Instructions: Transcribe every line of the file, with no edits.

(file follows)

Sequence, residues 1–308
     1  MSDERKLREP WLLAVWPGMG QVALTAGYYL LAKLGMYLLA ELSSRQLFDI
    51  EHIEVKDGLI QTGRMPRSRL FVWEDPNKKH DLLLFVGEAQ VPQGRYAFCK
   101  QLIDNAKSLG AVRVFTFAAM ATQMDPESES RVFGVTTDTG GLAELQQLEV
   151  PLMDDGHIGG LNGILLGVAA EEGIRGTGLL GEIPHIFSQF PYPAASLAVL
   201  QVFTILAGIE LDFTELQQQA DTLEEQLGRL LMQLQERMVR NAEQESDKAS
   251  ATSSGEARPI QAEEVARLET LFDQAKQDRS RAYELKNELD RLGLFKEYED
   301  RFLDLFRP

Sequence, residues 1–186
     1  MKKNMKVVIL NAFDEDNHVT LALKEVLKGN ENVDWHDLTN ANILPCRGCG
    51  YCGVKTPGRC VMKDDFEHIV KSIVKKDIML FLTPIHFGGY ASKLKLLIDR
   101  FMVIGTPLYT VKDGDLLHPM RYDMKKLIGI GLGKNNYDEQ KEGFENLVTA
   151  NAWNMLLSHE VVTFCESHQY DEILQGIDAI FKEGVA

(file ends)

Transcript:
Sequence, residues 1–308
     1  MSDERKLREP WLLAVWPGMG QVALTAGYYL LAKLGMYLLA ELSSRQLFDI
    51  EHIEVKDGLI QTGRMPRSRL FVWEDPNKKH DLLLFVGEAQ VPQGRYAFCK
   101  QLIDNAKSLG AVRVFTFAAM ATQMDPESES RVFGVTTDTG GLAELQQLEV
   151  PLMDDGHIGG LNGILLGVAA EEGIRGTGLL GEIPHIFSQF PYPAASLAVL
   201  QVFTILAGIE LDFTELQQQA DTLEEQLGRL LMQLQERMVR NAEQESDKAS
   251  ATSSGEARPI QAEEVARLET LFDQAKQDRS RAYELKNELD RLGLFKEYED
   301  RFLDLFRP

Sequence, residues 1–186
     1  MKKNMKVVIL NAFDEDNHVT LALKEVLKGN ENVDWHDLTN ANILPCRGCG
    51  YCGVKTPGRC VMKDDFEHIV KSIVKKDIML FLTPIHFGGY ASKLKLLIDR
   101  FMVIGTPLYT VKDGDLLHPM RYDMKKLIGI GLGKNNYDEQ KEGFENLVTA
   151  NAWNMLLSHE VVTFCESHQY DEILQGIDAI FKEGVA